Calif. urges more conservation as heat wave eases

NEW YORK Fri Jul 6, 2007 1:13pm EDT

A young boy tries to catch a wave while cooling off under sunny sky's and hot temperatures at the beach in Leucadia, California July 3, 2007. REUTERS/Mike Blake

A young boy tries to catch a wave while cooling off under sunny sky's and hot temperatures at the beach in Leucadia, California July 3, 2007.

Credit: Reuters/Mike Blake

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NEW YORK (Reuters) - California again urged customers to conserve power on Friday even though electricity demand for air conditioning should decline as temperatures along the coast continue to ease and many businesses shut early for the weekend.

Even though California has been baking for four days straight, its power companies have kept the lights on without any emergencies despite a plane crash that took down transmission lines near San Diego on Tuesday.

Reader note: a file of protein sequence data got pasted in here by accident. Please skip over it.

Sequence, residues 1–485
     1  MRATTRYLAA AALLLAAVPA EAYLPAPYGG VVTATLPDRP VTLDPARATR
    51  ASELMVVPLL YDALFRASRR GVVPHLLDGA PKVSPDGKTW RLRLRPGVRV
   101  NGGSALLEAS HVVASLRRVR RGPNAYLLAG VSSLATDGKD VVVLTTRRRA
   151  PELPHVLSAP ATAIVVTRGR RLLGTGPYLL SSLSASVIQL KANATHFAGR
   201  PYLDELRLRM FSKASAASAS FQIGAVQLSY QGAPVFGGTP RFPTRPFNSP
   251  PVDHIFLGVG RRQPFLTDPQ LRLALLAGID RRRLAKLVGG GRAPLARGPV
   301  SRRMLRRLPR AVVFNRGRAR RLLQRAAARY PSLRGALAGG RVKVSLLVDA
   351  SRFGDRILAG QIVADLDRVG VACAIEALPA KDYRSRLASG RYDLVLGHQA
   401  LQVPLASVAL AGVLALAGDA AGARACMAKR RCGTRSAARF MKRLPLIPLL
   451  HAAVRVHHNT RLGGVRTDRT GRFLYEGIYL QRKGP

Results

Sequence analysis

The state grid operator forecast demand for power Friday would reach about 44,000 megawatts, down from a forecast of about 45,000 MW on Thursday, before dropping to about 40,000 MW on Saturday.

That is still well below the state's all-time peak of over 50,200 MW set last July.

One MW powers about 700 homes in California.

Electricity traders noted that demand on Fridays is lower than other weekdays as businesses shut early for the weekend, reducing the usual late afternoon peak.

Meteorologists forecast temperatures in the major cities in California's Central Valley - Fresno and Sacramento - would still top 100 degrees Fahrenheit, down from over 110 F earlier in the week.

Along the coast, however, the mercury's highs would remain in the 70s and 80s in Los Angeles, San Diego, San Francisco and San Jose.

Elsewhere in the West, temperatures Friday will top 100 degrees in Las Vegas; Reno, Nevada; Tucson, Arizona; Billings, Montana; Boise, Idaho and as far north as Edmonton, Alberta.

The heat wave that blanked the West this week could spill east toward the Plains, Midwest and East Coast next week, some meteorologists warned.

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